“Why is that?” Jane asked of no one in particular, trying not to sound judgmental. 

     “We’ve done it this way for years,” was the response. Years? Jane thought. These people must really have issues. The voice had come from one of the two women, probably the one on the end. She was dressed all in white, from her shawl to her shoes. She held herself stiffly, but her mouth definitely had moved. 

     “Okay,” Jane said, trying to sound agreeable, and feeling her authority slipping away. “But I just thought … maybe when the others get here …” She glanced nervously at the clock. It was almost time to begin.

     “They’re on their way,” the woman in white said in a staccato tone, a bit louder than before.

     What’s up with her voice? Jane thought. Maybe she has Aspergers. But of course, she kept this thought to herself.

     “Okay then,” Jane said, pulling her chair over to face the lineup and sitting down. Her hands were beginning to sweat. This was not the way she’d wanted to launch her counseling career. She closed her eyes and tried imagining those out-of-tune piano keys again, but her technique wasn’t working this time. She forged ahead.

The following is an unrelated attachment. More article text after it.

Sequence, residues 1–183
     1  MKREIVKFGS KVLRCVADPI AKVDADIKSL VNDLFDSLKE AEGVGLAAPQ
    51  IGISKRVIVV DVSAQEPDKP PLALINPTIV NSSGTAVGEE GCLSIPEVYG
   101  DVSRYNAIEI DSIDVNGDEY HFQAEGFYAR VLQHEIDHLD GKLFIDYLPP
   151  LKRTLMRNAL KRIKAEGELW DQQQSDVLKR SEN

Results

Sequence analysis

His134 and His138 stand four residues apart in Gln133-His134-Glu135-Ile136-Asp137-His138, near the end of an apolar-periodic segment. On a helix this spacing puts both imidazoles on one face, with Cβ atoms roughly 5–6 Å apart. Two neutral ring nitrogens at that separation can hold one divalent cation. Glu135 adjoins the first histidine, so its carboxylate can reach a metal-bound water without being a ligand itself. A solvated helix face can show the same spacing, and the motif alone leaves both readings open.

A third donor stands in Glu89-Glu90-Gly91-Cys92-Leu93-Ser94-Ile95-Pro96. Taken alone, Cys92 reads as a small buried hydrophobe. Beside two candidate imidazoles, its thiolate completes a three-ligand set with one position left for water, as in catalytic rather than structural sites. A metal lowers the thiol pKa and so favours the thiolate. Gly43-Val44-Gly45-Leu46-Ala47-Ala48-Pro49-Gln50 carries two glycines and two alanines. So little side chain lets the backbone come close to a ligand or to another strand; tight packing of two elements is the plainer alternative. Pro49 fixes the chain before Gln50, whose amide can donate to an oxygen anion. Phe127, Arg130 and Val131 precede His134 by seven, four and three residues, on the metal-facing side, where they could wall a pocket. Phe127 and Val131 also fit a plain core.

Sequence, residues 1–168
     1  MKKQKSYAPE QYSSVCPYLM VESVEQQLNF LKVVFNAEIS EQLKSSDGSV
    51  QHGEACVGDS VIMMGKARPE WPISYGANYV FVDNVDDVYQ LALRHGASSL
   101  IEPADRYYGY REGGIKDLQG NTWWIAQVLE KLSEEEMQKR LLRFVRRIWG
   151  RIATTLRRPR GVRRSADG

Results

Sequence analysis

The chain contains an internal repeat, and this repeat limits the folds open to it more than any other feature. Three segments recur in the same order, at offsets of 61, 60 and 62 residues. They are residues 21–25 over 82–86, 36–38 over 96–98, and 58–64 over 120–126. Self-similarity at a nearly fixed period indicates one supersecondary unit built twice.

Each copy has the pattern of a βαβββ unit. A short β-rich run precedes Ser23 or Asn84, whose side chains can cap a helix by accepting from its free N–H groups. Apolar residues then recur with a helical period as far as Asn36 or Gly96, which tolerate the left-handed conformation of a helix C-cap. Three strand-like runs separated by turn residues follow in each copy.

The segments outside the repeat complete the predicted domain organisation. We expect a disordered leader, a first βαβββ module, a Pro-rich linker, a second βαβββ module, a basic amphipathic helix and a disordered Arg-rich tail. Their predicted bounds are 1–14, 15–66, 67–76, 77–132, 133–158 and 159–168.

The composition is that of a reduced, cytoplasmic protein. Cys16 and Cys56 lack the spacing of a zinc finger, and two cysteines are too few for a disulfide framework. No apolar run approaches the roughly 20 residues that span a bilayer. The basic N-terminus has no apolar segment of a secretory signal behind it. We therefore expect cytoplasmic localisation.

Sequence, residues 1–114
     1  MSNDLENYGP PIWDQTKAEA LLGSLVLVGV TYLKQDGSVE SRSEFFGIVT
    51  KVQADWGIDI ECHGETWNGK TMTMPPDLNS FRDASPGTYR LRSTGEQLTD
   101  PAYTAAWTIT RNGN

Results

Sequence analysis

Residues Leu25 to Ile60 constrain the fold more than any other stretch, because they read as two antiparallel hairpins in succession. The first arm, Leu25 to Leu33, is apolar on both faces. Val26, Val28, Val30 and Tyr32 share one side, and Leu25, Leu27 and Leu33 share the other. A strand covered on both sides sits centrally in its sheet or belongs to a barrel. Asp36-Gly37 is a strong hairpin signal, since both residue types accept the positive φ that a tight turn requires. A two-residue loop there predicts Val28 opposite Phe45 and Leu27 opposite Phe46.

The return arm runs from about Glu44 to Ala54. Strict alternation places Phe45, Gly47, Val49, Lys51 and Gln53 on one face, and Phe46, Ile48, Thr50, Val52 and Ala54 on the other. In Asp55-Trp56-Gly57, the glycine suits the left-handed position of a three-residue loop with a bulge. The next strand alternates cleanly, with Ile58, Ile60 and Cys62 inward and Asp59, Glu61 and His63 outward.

“While we’re waiting,” she tried, “can we do introductions? Why don’t we start with …”

     “I should go first,” the woman who’d spoken before interrupted, putting more inflection into her tone this time. “I’m See. Those who know me best usually call me Middle See.”

     “Thanks, See,” Jane said, jotting down “Middle See” in her notebook and wondering why anyone would want to be called that. “And … how do you spell ‘See’?”

     “Just like it sounds,” the woman said. “The letter C.”

     “Oh. I see,” Jane said, laughing nervously. She erased “See” and wrote “C” in its place. She didn’t know anyone personally who used initials in place of names. She knew famous authors sometimes did, though, and rap artists. She surreptitiously underlined the “C” in her notebook so she’d remember to come back to it later. 

     Jane cleared her throat. “Okay, let’s move on. Who wants to go next?”

     After a beat, C elbowed the slender woman in an ivory pantsuit seated to her left (Jane’s right).